Saturday, 24 September 2011

Tibet, China and their Struggle for the Silk Road through the Pamir

Wakhan, the remote north-eastern district of Afghanistan’s Badakhshan Province, is intimately connected with the Silk Road. Wakhan’s archeology is known largely from Aurel Stein’s travels in 1906 and less so from the work of Austrian, German and American teams in the early 1970s.

The Red Buddha Hall Road Revisited: Tibet, China and their Struggle for the Silk Road through the Pamir

Religions of the Silk Road Lecture by John Mock, UCSC

Monday, September 26, 2011
2:00 PM - 3:30 PM
6275 Bunche Hall
University of Calafornia
Los Angeles

UCLA Program on Central Asia
Religions of the Silk Road Lecture Series

On five trips to Wakhan in 2004-2007, John Mock had the opportunity to re-visit all sites described by Stein. This talk expands upon Stein’s descriptions and presents an initial analysis of several new finds. These include the site Lien Yun, which Stein discussed but was unable to locate, Tibetan inscriptions, Tibetan-style fort complexes and watch towers, numerous rock carvings that appear to represent Silk Route caravan trade, and older rock carvings depicting wild yak hunting in the Pamir. These discoveries offer new information on the Tibetan Empire in Central Asia, the history of the Silk Road, and the early inhabitants of the Pamir.

Religions of the Silk Road: Transformation and Transmission in the Heart of Asia, is a lecture series co-sponsored by the UCLA Program on Central Asia and the Center for the Study of Religion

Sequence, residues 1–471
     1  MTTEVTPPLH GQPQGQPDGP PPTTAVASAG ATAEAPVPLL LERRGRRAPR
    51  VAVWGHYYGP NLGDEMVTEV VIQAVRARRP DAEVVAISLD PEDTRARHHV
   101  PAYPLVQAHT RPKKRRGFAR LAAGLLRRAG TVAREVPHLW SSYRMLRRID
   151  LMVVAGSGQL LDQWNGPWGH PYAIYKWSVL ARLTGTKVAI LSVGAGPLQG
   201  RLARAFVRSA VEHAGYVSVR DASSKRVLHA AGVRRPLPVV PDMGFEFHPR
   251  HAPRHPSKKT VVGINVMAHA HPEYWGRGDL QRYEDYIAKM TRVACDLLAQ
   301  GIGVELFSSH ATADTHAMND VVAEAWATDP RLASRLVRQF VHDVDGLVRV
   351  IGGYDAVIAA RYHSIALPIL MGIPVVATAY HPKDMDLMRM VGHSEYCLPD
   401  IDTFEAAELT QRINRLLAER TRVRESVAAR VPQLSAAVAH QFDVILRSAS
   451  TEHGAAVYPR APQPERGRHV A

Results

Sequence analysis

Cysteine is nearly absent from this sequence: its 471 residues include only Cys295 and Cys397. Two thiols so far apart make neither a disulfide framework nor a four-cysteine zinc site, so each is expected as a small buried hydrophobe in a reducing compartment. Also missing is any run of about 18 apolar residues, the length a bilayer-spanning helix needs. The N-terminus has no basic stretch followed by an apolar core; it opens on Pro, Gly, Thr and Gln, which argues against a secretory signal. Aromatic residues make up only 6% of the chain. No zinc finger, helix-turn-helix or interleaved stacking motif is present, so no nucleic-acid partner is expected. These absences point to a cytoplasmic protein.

Before the rise of the maritime empires of Europe, the ancient trade routes of Central Asia served as one the world’s most vital thoroughfares of religious traffic. From the goddesses of prehistoric Eurasia through the Iranian religions of Zoroaster and Mani, to the Buddhism transferred from India and the Judaism, Christianity and eventually Islam carried in from the Mediterranean west, almost all of the major religions of Asia were imported into the oasis towns that lined the route between Persia and China. Yet if the monks, books and relics who moved along the ‘silk road’ point to a history of religious transmission both into and through Central Asia, important questions remain about what happened to these religious forms in their long periods in transit. Placing the question of transformation alongside that of transmission, the current series of talks excavates the neglected history of Central Asia’s own contributions to the religions of the old world.

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